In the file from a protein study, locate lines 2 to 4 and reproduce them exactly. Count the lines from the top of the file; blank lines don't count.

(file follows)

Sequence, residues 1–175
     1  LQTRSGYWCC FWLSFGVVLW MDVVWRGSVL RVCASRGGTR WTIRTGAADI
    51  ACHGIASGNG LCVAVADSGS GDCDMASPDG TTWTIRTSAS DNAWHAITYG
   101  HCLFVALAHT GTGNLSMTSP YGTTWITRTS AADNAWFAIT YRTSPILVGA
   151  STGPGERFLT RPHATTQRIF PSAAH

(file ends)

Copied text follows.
     1  LQTRSGYWCC FWLSFGVVLW MDVVWRGSVL RVCASRGGTR WTIRTGAADI
    51  ACHGIASGNG LCVAVADSGS GDCDMASPDG TTWTIRTSAS DNAWHAITYG
   101  HCLFVALAHT GTGNLSMTSP YGTTWITRTS AADNAWFAIT YRTSPILVGA